Traditional houses in northern Vietnam are built on stilts. That is, the main structure is raised on piles over the surface of the soil.
The materials are anything strong enough found in the tropical forests: wood, bamboo, rattan, cane, etc.
All Quynh Son houses seem to be produced using the same pattern. The ground floor is used for parking of vehicles, storage of tools or raising cattle. Sometimes it’s just empty. Since the ground floor captures cold air for longer times than the first floor, some families have a place for chilling there as well.
Household life takes place upstairs, on the first floor. Accessed by a single set of stairs on the street-side of the house, the wooden-walled first floor is usually extended with balconies and terraces.
The foundation piles pierce through the first floor and then become the columns that divide the space into squares and rectangles. Curtains are then employed to complete the bedchambers. Finally, colorful carpets cover most of the floor, decorating the orange wooden walls.
Although some houses are completely built using wood, a lot of families opted for stone-based kitchens and bathrooms.
The coolest home in the village used the platform at the top of the stairs for drying the grain, and that’s also where the watchdog stayed all day, stately looking after the house.
Finally, the position of the house is also relevant due to superstitious reasons. If you build your house-on-stilts facing arrow-shaped mountains, you will face accidents. If you build it facing animal-shaped mountains, your animals will die. So the ancestors of the Nùng tribes believed.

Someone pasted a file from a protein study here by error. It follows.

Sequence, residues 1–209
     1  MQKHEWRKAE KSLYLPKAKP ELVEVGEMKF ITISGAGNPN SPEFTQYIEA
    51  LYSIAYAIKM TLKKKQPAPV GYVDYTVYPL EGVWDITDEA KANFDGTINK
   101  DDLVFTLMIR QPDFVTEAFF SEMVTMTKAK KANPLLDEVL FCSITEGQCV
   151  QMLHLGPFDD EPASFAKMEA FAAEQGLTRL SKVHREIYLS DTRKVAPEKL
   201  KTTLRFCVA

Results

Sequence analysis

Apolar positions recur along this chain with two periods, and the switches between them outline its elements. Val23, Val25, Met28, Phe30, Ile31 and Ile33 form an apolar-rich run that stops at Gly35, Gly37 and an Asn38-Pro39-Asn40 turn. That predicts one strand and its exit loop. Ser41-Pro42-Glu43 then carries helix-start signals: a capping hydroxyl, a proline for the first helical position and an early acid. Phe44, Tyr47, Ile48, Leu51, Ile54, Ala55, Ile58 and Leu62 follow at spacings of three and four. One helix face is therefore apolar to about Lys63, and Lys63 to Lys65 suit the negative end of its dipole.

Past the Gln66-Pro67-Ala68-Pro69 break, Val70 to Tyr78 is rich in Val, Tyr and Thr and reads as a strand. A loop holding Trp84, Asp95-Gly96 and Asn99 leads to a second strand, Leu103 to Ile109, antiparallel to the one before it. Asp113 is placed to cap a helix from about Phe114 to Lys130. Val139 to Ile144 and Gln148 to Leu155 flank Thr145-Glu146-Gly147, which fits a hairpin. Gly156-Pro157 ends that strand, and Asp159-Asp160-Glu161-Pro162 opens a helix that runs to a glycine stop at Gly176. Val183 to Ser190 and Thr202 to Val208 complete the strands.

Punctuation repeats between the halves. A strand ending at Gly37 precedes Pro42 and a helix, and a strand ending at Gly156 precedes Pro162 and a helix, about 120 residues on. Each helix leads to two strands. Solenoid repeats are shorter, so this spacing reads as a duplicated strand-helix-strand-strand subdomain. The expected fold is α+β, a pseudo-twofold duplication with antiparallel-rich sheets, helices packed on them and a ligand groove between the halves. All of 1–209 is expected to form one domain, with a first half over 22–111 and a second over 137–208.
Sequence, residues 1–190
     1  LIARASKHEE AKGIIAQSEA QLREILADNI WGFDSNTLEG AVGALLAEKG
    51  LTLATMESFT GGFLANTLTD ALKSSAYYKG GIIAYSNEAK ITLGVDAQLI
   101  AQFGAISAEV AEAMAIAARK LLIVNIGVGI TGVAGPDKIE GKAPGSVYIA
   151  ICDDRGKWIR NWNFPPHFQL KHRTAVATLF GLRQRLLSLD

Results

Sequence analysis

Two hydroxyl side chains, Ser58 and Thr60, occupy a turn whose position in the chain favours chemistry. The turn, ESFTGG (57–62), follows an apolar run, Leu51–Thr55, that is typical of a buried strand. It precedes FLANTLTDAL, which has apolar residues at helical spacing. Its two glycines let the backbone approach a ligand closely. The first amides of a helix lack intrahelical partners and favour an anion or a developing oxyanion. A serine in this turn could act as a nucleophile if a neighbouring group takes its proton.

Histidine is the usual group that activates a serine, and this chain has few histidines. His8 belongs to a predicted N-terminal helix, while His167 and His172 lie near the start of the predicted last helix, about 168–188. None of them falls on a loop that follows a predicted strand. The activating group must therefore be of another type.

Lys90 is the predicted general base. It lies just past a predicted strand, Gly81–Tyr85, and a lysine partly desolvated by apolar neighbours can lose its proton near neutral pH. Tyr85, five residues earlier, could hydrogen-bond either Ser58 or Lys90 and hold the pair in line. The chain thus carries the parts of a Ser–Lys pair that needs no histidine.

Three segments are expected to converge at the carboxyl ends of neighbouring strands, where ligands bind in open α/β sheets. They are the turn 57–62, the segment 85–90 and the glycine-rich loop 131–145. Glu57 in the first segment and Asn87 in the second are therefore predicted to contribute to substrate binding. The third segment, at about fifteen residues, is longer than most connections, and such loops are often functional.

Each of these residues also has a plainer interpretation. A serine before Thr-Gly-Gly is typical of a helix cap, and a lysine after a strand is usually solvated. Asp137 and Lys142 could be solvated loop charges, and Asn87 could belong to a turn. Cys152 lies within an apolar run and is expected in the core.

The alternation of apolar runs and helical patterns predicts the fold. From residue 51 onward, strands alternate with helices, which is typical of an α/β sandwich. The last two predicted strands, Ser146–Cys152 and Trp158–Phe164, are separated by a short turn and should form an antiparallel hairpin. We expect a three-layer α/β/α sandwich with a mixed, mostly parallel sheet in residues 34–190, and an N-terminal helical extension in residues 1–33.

Although I first came across this architecture in Vietnam, I later realized this type of ethnic houses can be found in many other regions of south-east and east Asia. It makes sense because a lot of ethnicities in this part of the world have shared or intersecting origins.
Mingling with the villagers
One way to get mixed in the local community was through the owner of the homestay, who obviously knew everyone.
The old town villagers would gather every day at the volleyball court. Volleyball seems to be a very popular sport everywhere in Vietnam. I wonder if France brought it along when it occupied the place back in the 19th century, but the Vietnamese people I asked did not seem to know about that, and neither did Google.
Most of them spend the day working the fields. I loved walking around the fields. The golden green vastness was only interrupted by farmers’ conical hats made of straw and the occasional helping bull. Boys and girls shadowed their elders while trying to learn the millenary craft.
The perfect postcard scenery is nowadays slightly ruined by the electricity poles and cables, but that’s what makes night volleyball games possible!
Some villagers also found time to fish in the river. And some other took care of different kinds of livestock. Our neighbour had a bunch of cute pigs squealing around all day long.
Finally, what was left of the day as the Sun labored into the twilight was spent socializing by the road. DT241 is a country side road that separates Quynh Son and the fields. There, one can find a few basic convenience stores and some sort of bars where locals gather to catch up.